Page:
Giant Anteaters Travel Farther to Find Cooling Forests

The animals need help regulating their body temperatures.

Giant Anteater
A giant anteater in Brazil. Joe McDonald / Getty Images

Giant anteaters aren’t very good at regulating their body temperature. They rely on covered habitats like forests to help them stay cool. These same sheltered areas help keep them warm from rain and chilly winds.

But when habitats start to dwindle and there are fewer forests, giant anteaters have to roam farther for protection, new research finds.

Giant anteaters (Myrmecophaga tridactyla) are found in the forests and savannas of South America and Central America. They are a vulnerable species, according to the International Union for the Conservation of Nature (IUCN) and their numbers are decreasing.

They have a very low body temperature—around 33 degrees Celsius (91 degrees Fahrenheit)—compared to 37 degrees Celsius (98.6 degrees Fahrenheit) in humans. That’s why they rely so heavily on their environment to help regulate their temperature.

“Giant anteaters are basal endotherms. They present a low production of body heat and, consequently, a low body temperature and a low capacity for physiological thermoregulation,” lead author Aline Giroux, an ecologist at the Federal University of Mato Grosso do Sul in Brazil, tells Treehugger.

“Forests work as thermal shelters, offering warmer temperatures than open areas on cold days and cooler temperatures than open areas on hot days. Therefore, in fragmented landscapes, giant anteaters depend on access to forests to behaviorally thermoregulate.”

Tracking Anteater Movements

Aline Giroux releases giant anteater
Giroux releases the last giant anteater in the study. Aline Giroux

For their research, Giroux and her colleagues caught 19 wild giant anteaters in two savanna areas in Brazil: Santa Barbara Ecological Station, São Paulo state and twice in Baía das Pedras Ranch, Mato Grosso do Sul state.

They measured the animals and put GPS tags on them, then tracked their movement patterns and estimated their home range size, taking into account the effects of sex, body size, and forest cover.

They found that giant anteaters that lived in habitats with a lower proportion of tree cover had larger home ranges, which likely allowed them to find more forest areas as a respite from cold and hot temperatures.

They also discovered that male anteaters tended to move across a larger range area and use the space more than females of a similar size, possibly to increase their chances of finding a mate.

The study findings were published in the journal PLOS One.

Giroux says the researchers were surprised by the results.

“We didn’t expect that males and females would vary their intensity of space use differently across body mass. In general, animals move more with increasing body mass because they need to find more food,” she says. 

“In giant anteaters, while females increased the intensity of space use with increasing body mass (as we expected to both sexes), males showed the opposite behavior. We are very curious about it, and we want to investigate more about the behavioral divergences between male and female giant anteaters.”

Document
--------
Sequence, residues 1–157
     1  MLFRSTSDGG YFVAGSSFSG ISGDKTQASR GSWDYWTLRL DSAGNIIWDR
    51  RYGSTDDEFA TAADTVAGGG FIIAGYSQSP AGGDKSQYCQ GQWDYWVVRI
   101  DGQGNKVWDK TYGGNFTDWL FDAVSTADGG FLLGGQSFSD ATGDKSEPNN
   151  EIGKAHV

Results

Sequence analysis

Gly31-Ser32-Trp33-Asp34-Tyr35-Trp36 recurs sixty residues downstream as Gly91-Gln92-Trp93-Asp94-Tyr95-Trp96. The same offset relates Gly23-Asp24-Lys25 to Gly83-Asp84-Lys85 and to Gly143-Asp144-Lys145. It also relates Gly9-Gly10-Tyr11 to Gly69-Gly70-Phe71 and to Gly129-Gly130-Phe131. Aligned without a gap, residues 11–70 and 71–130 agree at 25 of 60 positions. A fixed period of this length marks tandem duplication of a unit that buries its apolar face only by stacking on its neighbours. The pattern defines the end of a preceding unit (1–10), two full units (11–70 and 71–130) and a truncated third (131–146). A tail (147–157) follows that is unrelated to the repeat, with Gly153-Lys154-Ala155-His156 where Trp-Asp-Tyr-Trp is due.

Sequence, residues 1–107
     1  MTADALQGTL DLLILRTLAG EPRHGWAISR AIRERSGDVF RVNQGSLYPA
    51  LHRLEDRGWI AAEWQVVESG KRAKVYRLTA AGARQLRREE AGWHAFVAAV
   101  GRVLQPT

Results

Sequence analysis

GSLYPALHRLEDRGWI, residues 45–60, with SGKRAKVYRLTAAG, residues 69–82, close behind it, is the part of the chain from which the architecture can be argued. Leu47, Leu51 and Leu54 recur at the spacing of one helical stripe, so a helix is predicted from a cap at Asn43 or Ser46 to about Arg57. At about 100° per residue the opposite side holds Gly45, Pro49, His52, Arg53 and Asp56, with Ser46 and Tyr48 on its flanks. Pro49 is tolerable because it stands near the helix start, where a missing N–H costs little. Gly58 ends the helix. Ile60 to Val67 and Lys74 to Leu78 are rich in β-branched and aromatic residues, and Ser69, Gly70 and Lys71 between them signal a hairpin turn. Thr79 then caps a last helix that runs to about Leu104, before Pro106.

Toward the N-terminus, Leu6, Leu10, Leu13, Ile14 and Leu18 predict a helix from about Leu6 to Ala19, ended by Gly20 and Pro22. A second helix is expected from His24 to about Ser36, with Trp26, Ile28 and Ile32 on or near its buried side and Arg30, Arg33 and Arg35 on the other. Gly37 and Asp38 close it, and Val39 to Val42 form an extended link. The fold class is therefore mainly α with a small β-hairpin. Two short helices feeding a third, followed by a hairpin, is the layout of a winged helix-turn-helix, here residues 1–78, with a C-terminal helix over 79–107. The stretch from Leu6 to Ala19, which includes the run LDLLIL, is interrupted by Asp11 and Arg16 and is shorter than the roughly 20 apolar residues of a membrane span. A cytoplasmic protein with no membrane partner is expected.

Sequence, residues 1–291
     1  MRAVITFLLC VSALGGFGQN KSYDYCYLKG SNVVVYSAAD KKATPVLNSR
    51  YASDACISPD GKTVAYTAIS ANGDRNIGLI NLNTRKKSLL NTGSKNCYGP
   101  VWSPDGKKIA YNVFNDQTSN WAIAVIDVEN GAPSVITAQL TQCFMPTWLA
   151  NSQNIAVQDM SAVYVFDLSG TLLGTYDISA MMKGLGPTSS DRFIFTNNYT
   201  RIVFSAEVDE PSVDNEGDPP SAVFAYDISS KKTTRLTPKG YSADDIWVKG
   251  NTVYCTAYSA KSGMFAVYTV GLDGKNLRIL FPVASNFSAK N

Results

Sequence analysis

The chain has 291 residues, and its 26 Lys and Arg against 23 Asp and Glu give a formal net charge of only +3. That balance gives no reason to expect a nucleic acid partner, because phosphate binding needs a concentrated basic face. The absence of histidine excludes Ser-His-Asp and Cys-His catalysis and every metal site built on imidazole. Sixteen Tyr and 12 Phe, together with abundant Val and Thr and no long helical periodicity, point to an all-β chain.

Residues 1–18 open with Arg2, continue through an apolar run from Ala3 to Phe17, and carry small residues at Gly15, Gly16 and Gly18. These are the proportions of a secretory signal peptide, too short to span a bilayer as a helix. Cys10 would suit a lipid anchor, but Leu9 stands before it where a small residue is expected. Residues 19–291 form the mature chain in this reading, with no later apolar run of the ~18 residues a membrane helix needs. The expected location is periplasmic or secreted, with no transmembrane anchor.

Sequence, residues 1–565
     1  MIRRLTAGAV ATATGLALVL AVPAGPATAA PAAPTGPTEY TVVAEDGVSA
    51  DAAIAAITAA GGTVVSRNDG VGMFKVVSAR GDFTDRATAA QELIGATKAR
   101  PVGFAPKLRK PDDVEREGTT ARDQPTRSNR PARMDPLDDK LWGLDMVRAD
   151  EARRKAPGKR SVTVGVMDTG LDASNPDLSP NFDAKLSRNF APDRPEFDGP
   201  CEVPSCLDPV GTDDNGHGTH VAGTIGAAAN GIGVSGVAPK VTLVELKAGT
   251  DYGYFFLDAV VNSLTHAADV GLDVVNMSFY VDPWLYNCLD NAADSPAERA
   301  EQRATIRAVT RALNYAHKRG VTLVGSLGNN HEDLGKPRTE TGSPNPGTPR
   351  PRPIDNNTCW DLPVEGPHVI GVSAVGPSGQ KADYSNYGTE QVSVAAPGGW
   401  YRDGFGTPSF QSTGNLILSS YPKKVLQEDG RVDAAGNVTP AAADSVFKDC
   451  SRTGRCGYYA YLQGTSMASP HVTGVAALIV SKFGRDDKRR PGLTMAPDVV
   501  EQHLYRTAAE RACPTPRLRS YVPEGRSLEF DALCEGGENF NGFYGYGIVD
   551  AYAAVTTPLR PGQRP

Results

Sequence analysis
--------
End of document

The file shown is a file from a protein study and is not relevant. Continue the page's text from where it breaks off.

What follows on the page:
Why These Findings Matter

giant anteater wears a tracker
A giant anteater wears a tracker for the study. Arnaud Desbiez

Giroux’s earlier work showed that giant anteaters use forest patches as thermal shelters. Now, this new research shows, like with so many other animals, the space they need changes in response to the resources that are available to them.

As there are fewer forests in their habitats, they need to travel further to find more.

“Giant anteaters are indeed fascinating, and I even cannot explain why. I believe that this kind of fascination that some people feel by nature cannot be really explained. There is a magic feeling when I see animals in nature, feeding, walking, just living their lives. It is like watching another world, another reality. And unlocking the secrets of this other reality is always exciting,” Giroux says.

As much as she is intrigued by the animals, giant anteaters weren’t necessarily the impetus of the research, Giroux says.

“We want to understand how different factors interact to shape the animal movement and how the environment and the intrinsic characteristics of individuals influence the quantity of space that they need to get their resources,” she says. “This kind of information helps us to understand the interaction and the individuals and the changing environment, besides better guide conservation decisions.”

The study findings are important researchers and conservationists can use the information when protecting habitat, researchers say.

“In this current deforestation scenario, our results bring an important implication for giant anteaters’ management: the minimal area needed to preserve a given giant anteaters’ population should increase as the proportion of forests inside it decreases,” Giroux says.

“We strongly suggest that management efforts should focus on maintaining the giant anteaters’ access to forest patches inside their home ranges to provide environmental conditions for behavioral thermoregulation.”

View Article Sources
  1. Giroux, Aline, et al. "Sexual, Allometric and Forest Cover Effects on Giant Anteaters’ Movement Ecology." PLOS ONE, vol. 16, no. 8, 2021, p. e0253345., doi:10.1371/journal.pone.0253345

  2. Miranda, F., et al. "Giant Anteater." The IUCN Red List of Threatened Species, 2014, doi:10.2305/

  3. "148. Giant Anteater." Edge.

  4. lead author Aline Giroux, an ecologist at the Federal University of Mato Grosso do Sul in Brazil

  5. Giroux, Aline, et al. "The Role of Environmental Temperature on Movement Patterns of Giant Anteaters." Integrative Zoology, 2021, doi:10.1111/1749-4877.12539